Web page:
October 2011

New Citi Field dimensions

—–Follow along on Twitter @AnthonyDiComo.

Mets (still) have not paid back MLB loan

In his state of the league address prior to Game 7 of the World Series, Major League Baseball commissioner Bud Selig revealed that the Mets have not paid back the $25 million loan they received from MLB in the wake of their Bernard Madoff litigation late last year. That remains unchanged from when Selig addressed the situation earlier this month.

Regardless, Selig said that “an alternative financing plan” is in place and that the Mets are “not one of” his worries. A Mets official said last month that the team has enough capital to cover all of its financial obligations for the 2011 fiscal year.

—–Follow along on Twitter @AnthonyDiComo.

Another Mets playoff connection

The name A.J. Burnett may incite all sorts of feelings in New York, Toronto and points between, but rarely does it elicit thoughts of the Mets. Perhaps it should. It was the Mets who originally drafted Burnett in the eighth round of the 1995 First-Year Player Draft, and it was with the Mets that he first forged his reputation of wildness.

Over three seasons pitching for Mets affiliates, Burnett walked 120 batters and struck out 157 over 147 innings, before the Mets traded him, Minor Leaguer Robert Stratton and pitcher Jesus Sanchez to the Marlins for Al Leiter and Ralph Milliard. Burnett went on to enjoy a rocky career with the Marlins, Blue Jays and Yankees, pitching a no-hitter, struggling mightily at other times and taking the mound for Game 4 of tonight’s American League Division Series. Stratton, Sanchez and Milliard all did little of note in their new organizations, while Leiter established himself as a rock in New York’s rotation for seven seasons, going 95-67 with a 3.42 ERA and 1,106 strikeouts with the Mets.

Compare that to Burnett, who went 37-38 with a 3.83 ERA and 555 strikeouts over the same span. He earned just over $6 million from the Marlins over that span, while Leiter took in more than $53 million from the Mets. But Leiter won 16 games with a 3.20 ERA in 2000, leading the Mets to the National League pennant in one of his best professional seasons, while Burnett was still just establishing himself in the league.

In sum? It was one of those rare trades that turned out to be a win-win.

—–Follow along on Twitter @AnthonyDiComo.

From Verlander to Humber, a missed opportunity

With Tigers starter (and heavy Cy Young favorite) Justin Verlander taking the mound for Game 3 of the American League Division Series against the Yankees this evening, it is noteworthy to look back on a potentially franchise-altering draft that did not pan out quite as planned.

Heading into the 2004 First-Year Player Draft, the Mets’ scouting department was extremely high on Verlander, who was — and still is — capable of pitching in the triple digits. They even had a chance to nab Verlander with the top overall pick. Though the Tigers finished with the league’s worst record, at 43-119, Major League rules at that time alternated picks between the American and National Leagues. It was the NL’s turn to pick first, meaning the Mets, at 66-95, fell three losses shy of the top overall pick (the Padres finished 64-98).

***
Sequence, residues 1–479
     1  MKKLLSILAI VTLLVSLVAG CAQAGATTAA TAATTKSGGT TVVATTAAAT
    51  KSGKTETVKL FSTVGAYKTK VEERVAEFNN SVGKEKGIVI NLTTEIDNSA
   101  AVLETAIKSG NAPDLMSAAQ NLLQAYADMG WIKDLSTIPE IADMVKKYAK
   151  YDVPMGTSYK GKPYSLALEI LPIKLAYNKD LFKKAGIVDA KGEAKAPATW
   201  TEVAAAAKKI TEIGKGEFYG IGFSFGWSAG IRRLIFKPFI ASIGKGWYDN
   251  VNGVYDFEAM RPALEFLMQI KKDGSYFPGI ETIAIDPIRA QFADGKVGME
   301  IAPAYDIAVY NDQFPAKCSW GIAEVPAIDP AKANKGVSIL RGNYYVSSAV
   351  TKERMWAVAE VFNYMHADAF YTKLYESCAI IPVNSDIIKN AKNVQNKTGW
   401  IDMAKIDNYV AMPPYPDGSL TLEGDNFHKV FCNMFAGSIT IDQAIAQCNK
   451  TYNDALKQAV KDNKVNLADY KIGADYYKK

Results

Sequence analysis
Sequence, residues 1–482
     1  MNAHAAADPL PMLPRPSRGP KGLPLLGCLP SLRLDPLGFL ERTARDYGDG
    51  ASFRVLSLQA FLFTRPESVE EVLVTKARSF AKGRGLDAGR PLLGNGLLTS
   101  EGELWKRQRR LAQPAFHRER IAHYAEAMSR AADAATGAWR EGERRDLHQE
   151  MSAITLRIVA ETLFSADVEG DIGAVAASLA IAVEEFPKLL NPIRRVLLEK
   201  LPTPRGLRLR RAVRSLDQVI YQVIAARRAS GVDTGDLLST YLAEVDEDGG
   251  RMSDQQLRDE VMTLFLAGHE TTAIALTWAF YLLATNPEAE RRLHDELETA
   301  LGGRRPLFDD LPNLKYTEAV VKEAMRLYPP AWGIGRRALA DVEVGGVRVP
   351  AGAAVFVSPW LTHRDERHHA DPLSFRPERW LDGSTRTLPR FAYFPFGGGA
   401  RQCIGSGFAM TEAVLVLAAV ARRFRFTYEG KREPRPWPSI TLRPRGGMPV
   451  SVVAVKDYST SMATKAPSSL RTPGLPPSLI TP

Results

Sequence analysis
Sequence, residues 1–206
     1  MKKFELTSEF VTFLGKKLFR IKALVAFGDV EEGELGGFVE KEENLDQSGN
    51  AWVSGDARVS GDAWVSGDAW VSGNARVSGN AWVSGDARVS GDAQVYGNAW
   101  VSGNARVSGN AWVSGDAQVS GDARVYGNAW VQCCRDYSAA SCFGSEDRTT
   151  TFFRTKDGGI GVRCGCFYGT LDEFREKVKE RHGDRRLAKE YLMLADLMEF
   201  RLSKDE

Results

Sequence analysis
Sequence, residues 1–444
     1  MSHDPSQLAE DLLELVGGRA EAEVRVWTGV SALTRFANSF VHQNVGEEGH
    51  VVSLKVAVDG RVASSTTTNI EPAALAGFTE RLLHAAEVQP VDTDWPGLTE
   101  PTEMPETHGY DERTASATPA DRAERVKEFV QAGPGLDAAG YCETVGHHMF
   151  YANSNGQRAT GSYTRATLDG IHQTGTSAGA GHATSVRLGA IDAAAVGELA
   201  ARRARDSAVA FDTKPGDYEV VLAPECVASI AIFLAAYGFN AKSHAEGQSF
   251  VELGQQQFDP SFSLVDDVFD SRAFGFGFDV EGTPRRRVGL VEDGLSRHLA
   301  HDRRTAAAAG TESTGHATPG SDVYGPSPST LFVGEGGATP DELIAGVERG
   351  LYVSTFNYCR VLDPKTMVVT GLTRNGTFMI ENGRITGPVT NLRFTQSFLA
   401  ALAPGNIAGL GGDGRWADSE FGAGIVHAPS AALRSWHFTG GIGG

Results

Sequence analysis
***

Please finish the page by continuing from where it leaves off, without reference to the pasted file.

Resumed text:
With the first selection, San Diego took Matt Bush, a high school shortstop who never panned out in the big leagues. With the second pick, the Tigers nabbed Verlander, and the rest is history. The Mets settled for Phil Humber — a so-called “safe” selection — at No. 3 overall, losing out on their chance at a franchise-changing pitcher.

Of course, it goes without saying that Verlander’s career — and Humber’s, for that matter — might have turned out far differently had he come up through the Mets organization. But given what we know about both pitchers, it seems like an opportunity lost. (Imagine, for a moment, what the 2007 Mets would have been with Verlander in the rotation.)

—–Follow along on Twitter @AnthonyDiComo.

Misch, O’Connor declare free agency

Mets left-handers Pat Misch and Mike O’Connor have officially declared Minor League free agency. Misch and O’Connor, each of whom spent time on the active roster this season, were eligible for free agency due to having six years of Minor League service time and not being on the team’s 40-man roster.

Misch, 30, posted a 10.29 ERA over six appearances with the Mets in April and May. O’Connor, who competed in spring for the lefty specialist job that ultimately went to Tim Byrdak, posted a 2.70 ERA in nine games.

—–Follow along on Twitter @AnthonyDiComo.

Jimmy Rollins takes shots at Reyes

The Phillies and Mets may be on different planes of existence this postseason, but that did not stop shortstop Jimmy Rollins from criticizing his counterpart, Jose Reyes, prior to a National League Division Series workout at Citizens Bank Park. Rollins critiqued Reyes’ decision to bunt for a hit and then leave Wednesday’s season finale at Citi Field to all but assure himself the NL batting title.

“I would have bunted, too,” Rollins told reporters in Philadelphia. “I probably wouldn’t have come out of the game, though.

“Me, personally, I’m going to ride it out. I would have played the whole game. That’s me, though.”

Brewers outfielder Ryan Braun made it a moot point later that night, going 0-for-4 to finish at .332, five points behind Reyes for the batting title.

Rollins also suggested that Reyes put forth more effort this season given his impending free agency at age 28. The Phillies shortstop will also become a free agent after this season, and his value on the open market will be directly linked to that of Reyes.

“In previous years, you just didn’t quite get that feeling from him, being in the other dugout,” Rollins said of Reyes giving maximum effort.  “This year you really did. It was like, ‘This man is doing everything he can.’ ”

—–Follow along on Twitter @AnthonyDiComo.